Nation & World briefs


Needs of poor raised up again in budget debates

WASHINGTON -- Fallout from the partial government shutdown in October and another looming round of automatic spending cuts in January kept congressional leaders busy at year's end to finalize a budget deal Republicans and Democrats could live with. Through a tumultuous 2013, the U.S. Conference of Catholic Bishops and other Catholic advocates, including Catholic Charities USA, continued to press for a budget that does not adversely affect poor people. It's a message that Catholic leaders have consistently delivered in recent years under the banner of a "circle of protection" as concerns over growing federal debt led to proposals that discretionary spending on nonmilitary programs be cut in the face of the country's growing debt. Their concern centers on programs such as poverty-focused international assistance, affordable housing and community development, education, Head Start, workforce development and emergency unemployment compensation.


Pope Francis advances sainthood causes of 13

VATICAN CITY -- Pope Francis advanced the sainthood causes of 13 candidates, including the "father of Puerto Rican public education" and the Canadian founder of a religious order dedicated to helping unwed mothers. During a meeting Dec. 9 meeting with Cardinal Angelo Amato, prefect of the Congregation for Saints' Causes, the pope signed decrees recognizing that Rafael Cordero Molino and Mother Rosalie Cadron-Jette lived the Christian virtues in a heroic way and are venerable. Cordero, who was born in San Juan, Puerto Rico, in 1790, and died there in 1868, founded and operated a free school for poor children of all races.

Ukraine protest is spiritual movement, bishop says

ROME -- When Ukrainian Catholic Bishop Borys Gudziak addressed the crowds in Kiev's Independence Square Dec. 8, he focused on the youth and told them they could change the country. The U.S.-born bishop and former rector of the Ukrainian Catholic University in Lviv currently serves as the bishop for Ukrainian Catholics in France but was in Kiev for a meeting of the synod of bishops of the Ukrainian Catholic Church. Bishop Gudziak was not the only prelate at the large Dec. 8 demonstration. Retired Cardinal Lubomyr Husar, the 80-year-old former head of the Ukrainian Catholic Church, spoke from the main stage early in the morning. The protest area includes a tent chapel where liturgy is celebrated, Bishop Gudziak said, and Catholic, Orthodox and Protestant clergy have been assisting the demonstrators. "It's very much a spiritual movement, a movement of hearts and values," Bishop Gudziak said Dec. 9.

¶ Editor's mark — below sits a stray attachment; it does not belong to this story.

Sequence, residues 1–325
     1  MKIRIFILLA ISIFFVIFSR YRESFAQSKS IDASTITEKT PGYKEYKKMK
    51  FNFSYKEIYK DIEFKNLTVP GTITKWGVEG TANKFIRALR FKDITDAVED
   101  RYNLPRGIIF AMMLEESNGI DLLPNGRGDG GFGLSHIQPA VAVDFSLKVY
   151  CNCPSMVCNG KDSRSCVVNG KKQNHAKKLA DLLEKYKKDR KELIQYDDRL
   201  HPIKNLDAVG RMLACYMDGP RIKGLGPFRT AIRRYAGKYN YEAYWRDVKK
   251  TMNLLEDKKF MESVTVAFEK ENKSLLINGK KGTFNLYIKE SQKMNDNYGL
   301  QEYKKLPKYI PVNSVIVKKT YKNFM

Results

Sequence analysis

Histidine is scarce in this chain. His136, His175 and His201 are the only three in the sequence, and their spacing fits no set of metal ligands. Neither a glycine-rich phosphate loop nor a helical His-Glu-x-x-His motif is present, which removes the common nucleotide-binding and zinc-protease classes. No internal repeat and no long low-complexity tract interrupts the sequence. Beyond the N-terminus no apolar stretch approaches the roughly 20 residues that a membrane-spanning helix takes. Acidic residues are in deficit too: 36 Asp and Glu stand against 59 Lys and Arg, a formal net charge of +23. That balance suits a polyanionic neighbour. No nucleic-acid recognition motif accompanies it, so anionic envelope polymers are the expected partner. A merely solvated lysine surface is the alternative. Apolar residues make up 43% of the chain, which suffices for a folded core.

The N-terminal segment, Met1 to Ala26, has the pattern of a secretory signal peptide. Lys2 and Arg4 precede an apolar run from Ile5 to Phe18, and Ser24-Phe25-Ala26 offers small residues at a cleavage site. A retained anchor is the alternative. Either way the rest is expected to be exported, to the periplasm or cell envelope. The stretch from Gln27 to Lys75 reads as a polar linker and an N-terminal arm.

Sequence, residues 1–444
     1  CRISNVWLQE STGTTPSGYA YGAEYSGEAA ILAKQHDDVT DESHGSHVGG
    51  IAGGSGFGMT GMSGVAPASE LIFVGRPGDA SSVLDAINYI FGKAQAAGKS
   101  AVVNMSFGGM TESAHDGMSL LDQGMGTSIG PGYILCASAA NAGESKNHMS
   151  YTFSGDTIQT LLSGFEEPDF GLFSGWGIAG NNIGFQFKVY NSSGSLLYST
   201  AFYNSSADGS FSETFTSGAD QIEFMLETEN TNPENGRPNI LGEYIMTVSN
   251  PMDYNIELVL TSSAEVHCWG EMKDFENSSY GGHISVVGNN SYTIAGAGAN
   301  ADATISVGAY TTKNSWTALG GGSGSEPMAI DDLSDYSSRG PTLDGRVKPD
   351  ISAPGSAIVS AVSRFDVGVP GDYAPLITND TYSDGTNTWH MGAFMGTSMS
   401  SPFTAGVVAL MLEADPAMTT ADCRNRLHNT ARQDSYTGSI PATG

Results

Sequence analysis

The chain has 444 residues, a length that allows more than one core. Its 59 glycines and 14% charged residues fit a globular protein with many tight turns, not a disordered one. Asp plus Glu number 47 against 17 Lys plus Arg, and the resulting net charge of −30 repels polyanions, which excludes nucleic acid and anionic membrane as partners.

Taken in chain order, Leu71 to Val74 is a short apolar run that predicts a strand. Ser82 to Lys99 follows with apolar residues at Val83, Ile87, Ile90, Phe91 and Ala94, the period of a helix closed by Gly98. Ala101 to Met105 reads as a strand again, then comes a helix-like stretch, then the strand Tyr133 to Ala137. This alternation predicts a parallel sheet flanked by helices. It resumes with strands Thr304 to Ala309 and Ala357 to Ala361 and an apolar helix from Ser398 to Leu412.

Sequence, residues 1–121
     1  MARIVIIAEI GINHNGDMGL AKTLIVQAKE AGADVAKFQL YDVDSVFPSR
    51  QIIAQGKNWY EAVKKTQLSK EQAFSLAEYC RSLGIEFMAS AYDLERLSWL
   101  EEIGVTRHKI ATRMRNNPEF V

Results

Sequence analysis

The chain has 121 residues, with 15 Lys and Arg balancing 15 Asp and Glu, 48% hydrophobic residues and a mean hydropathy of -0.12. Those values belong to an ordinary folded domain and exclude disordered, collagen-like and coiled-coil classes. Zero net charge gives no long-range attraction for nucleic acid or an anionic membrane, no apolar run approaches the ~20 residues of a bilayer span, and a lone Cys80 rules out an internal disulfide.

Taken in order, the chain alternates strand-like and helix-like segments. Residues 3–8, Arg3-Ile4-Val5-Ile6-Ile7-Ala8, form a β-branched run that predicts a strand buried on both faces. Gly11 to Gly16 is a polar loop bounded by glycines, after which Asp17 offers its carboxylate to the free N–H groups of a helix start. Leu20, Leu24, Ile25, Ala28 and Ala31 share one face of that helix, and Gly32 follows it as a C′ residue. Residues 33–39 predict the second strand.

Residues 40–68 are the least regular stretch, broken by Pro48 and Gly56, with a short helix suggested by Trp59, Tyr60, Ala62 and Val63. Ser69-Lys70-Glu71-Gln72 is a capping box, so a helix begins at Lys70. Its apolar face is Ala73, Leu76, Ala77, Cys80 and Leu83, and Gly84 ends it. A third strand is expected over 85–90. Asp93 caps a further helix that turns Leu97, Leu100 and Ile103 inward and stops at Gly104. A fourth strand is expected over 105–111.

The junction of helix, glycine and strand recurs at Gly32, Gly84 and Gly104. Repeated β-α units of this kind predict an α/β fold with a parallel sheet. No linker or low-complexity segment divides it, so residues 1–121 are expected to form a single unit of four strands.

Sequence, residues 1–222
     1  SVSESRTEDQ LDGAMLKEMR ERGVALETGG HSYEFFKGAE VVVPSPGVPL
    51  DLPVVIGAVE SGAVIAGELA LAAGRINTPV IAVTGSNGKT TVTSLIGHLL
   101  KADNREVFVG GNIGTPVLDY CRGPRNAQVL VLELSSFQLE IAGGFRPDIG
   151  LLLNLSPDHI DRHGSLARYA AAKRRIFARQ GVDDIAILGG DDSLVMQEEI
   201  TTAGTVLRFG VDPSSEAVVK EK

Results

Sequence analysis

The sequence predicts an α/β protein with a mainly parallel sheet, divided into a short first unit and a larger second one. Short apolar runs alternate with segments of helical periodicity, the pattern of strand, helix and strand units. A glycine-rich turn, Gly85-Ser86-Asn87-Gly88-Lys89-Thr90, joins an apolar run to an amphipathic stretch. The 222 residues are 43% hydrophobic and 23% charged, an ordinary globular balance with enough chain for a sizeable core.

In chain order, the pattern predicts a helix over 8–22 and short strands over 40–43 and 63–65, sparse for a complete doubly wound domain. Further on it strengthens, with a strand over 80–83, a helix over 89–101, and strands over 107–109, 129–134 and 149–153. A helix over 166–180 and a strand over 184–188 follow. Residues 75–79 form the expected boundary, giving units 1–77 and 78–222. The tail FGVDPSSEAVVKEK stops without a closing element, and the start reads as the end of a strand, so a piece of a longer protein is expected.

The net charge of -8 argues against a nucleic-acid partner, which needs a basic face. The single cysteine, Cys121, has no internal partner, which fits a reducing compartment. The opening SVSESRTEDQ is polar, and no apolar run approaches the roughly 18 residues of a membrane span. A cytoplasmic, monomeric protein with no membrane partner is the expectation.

Vatican report on fighting financial crime accepted

VATICAN CITY -- A European body that investigates government efforts to combat financial crimes has confirmed the Vatican has made significant progress in reducing the risk that its institutions could be used for money laundering and financing terrorism. "Moneyval" -- the Council of Europe's Committee of Experts on the Evaluation of Anti-Money Laundering Measures and the Financing of Terrorism -- approved the Holy See-Vatican progress report at a meeting Dec. 9 in Strasbourg, France. The committee plans to publish the full report on its website Dec. 12. "The adoption of the progress report confirms the significant efforts undertaken by the Holy See and Vatican City State to strengthen its legal and institutional framework," said Msgr. Antoine Camilleri, undersecretary for relations with states and head of the Vatican's delegation to Moneyval.

-- Catholic News Service

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